Chateau Aeronautique Winery
This Irish Hills winery embraced the idea of live music in 2019 and decided to go big, with concerts each Friday and Saturday.
“Saturday nights are classic rock tribute bands,” says owner Lorenzo Lizarralde. “We discovered tribute bands in 2019, and they’re just fun — when you know every word to every song. And it’s amazing that we’re able to find so many within a couple hours’ drive.” Friday night concerts feature local cover bands most weeks.
The concerts take place in the winery’s biergarten, an airy and spacious 5,500-square-foot covered patio that has vinyl curtains and heaters for use in all seasons and all weather.
“It works really well,” Lizarralde says. “It has really, really been a lot of fun.”
Lizarralde says the concerts are here to stay. The bands perform on a fully equipped stage — a big investment for the winery.
“We invested in the stage and stage lighting and our own state-of the art sound system,” he says. “So bands come and all you have to do is plug and play.”
The COVID-19 pandemic threw a wrench into Chateau Aeronautique’s plans, but it also helped the winery refine its services. The staff now provides table service for the Saturday concerts, and table reservations are required — necessary steps during the pandemic, but something the staff plans to continue in the future.
Despite the pandemic, the concerts have been a big success.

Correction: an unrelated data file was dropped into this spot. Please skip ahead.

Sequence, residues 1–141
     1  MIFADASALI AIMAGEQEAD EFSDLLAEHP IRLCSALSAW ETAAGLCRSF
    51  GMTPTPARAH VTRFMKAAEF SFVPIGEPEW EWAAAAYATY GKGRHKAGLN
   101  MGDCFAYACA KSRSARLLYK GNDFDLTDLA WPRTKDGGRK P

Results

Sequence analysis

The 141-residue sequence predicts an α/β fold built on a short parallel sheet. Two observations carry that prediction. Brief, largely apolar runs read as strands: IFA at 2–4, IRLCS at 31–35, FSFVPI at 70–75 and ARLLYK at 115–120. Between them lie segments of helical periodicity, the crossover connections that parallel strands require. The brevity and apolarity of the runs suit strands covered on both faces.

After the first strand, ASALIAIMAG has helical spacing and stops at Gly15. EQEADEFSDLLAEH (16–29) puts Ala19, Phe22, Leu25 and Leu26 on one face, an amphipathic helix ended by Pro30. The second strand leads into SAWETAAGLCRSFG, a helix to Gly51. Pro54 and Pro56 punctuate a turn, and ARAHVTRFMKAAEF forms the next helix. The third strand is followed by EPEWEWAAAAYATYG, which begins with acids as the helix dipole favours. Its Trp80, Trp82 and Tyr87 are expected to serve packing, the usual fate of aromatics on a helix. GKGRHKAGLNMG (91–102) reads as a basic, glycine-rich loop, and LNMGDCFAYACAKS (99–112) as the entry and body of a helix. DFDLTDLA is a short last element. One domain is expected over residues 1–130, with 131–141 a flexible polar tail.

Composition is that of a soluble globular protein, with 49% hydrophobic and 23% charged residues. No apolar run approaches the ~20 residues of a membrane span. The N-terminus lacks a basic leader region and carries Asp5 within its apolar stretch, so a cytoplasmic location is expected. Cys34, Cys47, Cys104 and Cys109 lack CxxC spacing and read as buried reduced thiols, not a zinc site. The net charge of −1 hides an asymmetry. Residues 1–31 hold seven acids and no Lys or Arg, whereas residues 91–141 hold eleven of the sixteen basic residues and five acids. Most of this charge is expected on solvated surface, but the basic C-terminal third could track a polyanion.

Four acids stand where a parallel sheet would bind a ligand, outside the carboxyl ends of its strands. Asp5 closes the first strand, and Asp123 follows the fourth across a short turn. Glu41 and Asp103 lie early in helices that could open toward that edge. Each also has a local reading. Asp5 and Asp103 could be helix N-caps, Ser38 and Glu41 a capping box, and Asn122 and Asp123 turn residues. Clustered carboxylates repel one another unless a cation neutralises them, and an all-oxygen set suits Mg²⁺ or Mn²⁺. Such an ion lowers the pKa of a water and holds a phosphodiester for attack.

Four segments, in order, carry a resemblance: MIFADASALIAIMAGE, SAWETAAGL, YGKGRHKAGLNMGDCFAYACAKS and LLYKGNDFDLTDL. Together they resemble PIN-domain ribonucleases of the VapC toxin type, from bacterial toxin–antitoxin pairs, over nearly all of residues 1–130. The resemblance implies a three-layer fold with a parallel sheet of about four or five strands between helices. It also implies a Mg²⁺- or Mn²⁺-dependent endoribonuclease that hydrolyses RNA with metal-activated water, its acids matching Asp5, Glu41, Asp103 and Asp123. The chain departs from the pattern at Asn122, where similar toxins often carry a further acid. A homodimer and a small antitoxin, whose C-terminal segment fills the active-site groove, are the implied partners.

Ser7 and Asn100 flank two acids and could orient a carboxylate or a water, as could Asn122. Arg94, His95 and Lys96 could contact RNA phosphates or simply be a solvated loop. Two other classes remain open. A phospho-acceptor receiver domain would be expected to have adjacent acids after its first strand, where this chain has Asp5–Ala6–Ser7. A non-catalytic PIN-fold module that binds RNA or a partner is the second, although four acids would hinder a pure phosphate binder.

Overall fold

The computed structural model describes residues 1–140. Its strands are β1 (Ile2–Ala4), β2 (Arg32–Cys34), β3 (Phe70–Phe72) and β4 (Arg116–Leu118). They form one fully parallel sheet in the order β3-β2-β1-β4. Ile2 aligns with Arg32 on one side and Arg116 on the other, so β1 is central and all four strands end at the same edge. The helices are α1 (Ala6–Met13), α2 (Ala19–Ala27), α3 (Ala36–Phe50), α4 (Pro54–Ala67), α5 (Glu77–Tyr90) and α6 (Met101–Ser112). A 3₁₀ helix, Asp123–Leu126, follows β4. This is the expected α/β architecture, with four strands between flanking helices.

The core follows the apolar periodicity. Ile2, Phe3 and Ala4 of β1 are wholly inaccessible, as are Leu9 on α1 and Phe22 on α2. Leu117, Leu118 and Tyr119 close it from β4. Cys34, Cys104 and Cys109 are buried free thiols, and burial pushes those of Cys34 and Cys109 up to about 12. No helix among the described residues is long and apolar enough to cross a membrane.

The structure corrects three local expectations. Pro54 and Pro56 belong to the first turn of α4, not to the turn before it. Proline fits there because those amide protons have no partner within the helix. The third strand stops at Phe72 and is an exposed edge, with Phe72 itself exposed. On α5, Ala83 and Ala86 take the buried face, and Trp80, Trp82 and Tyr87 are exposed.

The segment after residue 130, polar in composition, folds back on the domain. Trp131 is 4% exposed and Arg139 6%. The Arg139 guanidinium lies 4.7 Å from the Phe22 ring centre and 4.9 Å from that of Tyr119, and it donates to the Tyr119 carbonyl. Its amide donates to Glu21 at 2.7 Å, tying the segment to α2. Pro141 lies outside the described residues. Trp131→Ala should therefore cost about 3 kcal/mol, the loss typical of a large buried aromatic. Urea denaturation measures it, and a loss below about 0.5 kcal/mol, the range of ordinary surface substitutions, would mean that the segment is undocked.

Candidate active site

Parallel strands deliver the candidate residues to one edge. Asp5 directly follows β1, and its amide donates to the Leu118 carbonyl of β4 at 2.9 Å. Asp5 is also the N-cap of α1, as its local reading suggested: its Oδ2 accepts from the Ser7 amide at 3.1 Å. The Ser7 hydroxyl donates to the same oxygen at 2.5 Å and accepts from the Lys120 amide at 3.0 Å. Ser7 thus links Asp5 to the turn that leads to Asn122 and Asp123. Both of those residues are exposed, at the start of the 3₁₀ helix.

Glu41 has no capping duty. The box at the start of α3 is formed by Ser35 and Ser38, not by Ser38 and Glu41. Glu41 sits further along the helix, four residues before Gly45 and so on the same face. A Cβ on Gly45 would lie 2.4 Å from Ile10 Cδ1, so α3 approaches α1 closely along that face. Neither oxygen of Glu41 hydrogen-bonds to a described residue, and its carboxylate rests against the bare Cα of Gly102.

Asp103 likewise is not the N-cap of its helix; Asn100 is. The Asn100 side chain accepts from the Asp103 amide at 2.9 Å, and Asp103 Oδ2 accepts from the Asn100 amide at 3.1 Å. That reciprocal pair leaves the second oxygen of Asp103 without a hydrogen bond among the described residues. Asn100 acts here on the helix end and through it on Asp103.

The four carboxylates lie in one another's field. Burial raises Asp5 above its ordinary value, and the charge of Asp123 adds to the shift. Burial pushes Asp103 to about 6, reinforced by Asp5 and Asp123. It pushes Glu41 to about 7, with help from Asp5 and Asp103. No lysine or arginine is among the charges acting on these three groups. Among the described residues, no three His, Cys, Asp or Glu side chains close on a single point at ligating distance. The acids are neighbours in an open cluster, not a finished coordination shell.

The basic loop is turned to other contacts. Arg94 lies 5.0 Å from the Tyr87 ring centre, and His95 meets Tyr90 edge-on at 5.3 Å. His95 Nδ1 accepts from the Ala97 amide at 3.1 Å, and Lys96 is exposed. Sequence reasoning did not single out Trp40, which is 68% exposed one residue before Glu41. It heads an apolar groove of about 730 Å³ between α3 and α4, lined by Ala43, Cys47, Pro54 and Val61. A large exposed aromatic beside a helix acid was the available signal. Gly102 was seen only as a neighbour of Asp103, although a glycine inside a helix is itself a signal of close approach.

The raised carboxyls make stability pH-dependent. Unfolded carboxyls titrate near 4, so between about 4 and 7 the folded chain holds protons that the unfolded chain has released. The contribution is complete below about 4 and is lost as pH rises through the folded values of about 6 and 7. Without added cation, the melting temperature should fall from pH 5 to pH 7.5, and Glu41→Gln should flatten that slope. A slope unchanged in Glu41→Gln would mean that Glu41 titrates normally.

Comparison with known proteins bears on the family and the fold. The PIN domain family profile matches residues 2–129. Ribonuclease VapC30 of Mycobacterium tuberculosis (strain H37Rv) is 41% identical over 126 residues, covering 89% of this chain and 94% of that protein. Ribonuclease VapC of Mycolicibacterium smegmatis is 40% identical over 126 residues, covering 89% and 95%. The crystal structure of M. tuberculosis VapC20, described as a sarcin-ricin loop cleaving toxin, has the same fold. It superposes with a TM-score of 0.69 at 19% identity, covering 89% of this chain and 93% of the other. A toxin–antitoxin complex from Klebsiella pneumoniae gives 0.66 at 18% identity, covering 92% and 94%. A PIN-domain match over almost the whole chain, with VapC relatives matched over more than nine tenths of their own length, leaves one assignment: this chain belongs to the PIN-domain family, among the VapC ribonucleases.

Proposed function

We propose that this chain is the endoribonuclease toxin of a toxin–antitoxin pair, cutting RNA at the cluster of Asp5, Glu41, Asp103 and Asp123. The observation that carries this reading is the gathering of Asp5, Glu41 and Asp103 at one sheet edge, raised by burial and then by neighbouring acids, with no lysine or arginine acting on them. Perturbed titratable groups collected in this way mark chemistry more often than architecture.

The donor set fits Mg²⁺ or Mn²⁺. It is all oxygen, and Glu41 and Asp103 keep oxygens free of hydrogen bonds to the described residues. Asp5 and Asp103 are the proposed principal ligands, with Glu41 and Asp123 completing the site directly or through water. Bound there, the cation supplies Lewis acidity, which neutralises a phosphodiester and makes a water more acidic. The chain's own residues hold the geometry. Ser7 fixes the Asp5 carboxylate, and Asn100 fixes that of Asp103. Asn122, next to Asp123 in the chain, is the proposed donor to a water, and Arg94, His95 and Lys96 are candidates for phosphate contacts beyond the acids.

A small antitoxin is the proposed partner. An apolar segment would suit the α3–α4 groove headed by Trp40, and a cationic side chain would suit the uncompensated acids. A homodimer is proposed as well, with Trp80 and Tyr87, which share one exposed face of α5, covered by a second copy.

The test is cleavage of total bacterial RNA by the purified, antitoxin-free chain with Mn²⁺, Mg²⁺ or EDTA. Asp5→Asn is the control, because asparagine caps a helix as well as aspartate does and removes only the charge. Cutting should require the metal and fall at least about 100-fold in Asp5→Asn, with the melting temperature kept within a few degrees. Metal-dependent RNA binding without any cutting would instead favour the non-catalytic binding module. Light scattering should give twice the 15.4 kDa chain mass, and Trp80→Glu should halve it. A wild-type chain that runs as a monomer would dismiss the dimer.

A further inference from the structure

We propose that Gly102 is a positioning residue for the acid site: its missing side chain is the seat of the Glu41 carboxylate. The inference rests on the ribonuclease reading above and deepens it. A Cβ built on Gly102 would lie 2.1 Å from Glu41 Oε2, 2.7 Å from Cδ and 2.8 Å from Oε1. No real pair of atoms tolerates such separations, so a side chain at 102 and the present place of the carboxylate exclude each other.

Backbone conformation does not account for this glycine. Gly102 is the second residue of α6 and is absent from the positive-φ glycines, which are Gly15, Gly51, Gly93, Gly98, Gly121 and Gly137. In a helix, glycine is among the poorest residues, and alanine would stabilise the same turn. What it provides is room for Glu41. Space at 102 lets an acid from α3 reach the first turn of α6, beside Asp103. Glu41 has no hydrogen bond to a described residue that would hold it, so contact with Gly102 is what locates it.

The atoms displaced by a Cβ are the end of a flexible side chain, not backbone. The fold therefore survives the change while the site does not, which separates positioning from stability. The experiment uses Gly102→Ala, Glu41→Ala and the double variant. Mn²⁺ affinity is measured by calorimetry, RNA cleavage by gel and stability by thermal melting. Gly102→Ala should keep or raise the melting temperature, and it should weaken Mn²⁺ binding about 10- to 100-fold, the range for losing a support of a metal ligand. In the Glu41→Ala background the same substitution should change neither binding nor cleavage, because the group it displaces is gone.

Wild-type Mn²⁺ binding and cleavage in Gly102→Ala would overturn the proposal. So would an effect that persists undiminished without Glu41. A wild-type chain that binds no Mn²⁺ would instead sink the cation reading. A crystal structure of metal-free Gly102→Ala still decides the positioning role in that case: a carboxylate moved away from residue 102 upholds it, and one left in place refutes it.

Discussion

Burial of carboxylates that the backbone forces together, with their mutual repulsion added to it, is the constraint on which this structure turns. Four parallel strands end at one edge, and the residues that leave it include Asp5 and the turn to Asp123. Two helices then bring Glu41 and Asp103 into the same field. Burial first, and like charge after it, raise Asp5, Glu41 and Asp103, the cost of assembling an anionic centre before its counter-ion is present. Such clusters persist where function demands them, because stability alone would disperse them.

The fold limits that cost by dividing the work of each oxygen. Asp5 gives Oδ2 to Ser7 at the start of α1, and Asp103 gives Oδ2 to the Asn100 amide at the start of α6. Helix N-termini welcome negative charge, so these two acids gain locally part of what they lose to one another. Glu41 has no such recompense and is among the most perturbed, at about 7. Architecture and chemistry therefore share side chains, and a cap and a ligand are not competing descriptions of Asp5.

“We have a lot of repeat customers, repeat guests, for our concerts in particular,” Lizarralde says. “Many of our concerts sell out. For instance, we have a Journey tribute band coming in a couple weeks, and it sold out with 20 people’s names on the waitlist.”
Fenn Valley Vineyards
Fenn Valley Vineyards — located in Fennville, about 10 miles from Saugatuck — has dabbled in live music for about 15 years. This summer, they are hosting live music on Thursday evenings and Saturday afternoons, in addition to summer evening cookouts with live music on Friday and Saturday evenings.
“Probably the most popular live music event is our Thursday night ‘Music in the Vineyards’ series, which kicked off several years ago,” says Brian Lesperance, vice president.
“It’s kind of a way to get folks coming out to check out the vineyards mid-week a little bit. A lot of people around here do come out for the long weekend — from Chicago, etc. — so it kind of kick-starts the weekend.”